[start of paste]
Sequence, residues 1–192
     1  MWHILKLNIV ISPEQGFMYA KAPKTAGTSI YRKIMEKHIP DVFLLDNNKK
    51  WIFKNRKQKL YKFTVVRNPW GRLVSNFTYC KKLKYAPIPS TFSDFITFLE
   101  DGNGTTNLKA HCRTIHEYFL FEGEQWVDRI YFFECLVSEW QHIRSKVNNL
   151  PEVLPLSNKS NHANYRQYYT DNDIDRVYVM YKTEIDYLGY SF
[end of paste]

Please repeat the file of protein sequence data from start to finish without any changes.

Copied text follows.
Sequence, residues 1–192
     1  MWHILKLNIV ISPEQGFMYA KAPKTAGTSI YRKIMEKHIP DVFLLDNNKK
    51  WIFKNRKQKL YKFTVVRNPW GRLVSNFTYC KKLKYAPIPS TFSDFITFLE
   101  DGNGTTNLKA HCRTIHEYFL FEGEQWVDRI YFFECLVSEW QHIRSKVNNL
   151  PEVLPLSNKS NHANYRQYYT DNDIDRVYVM YKTEIDYLGY SF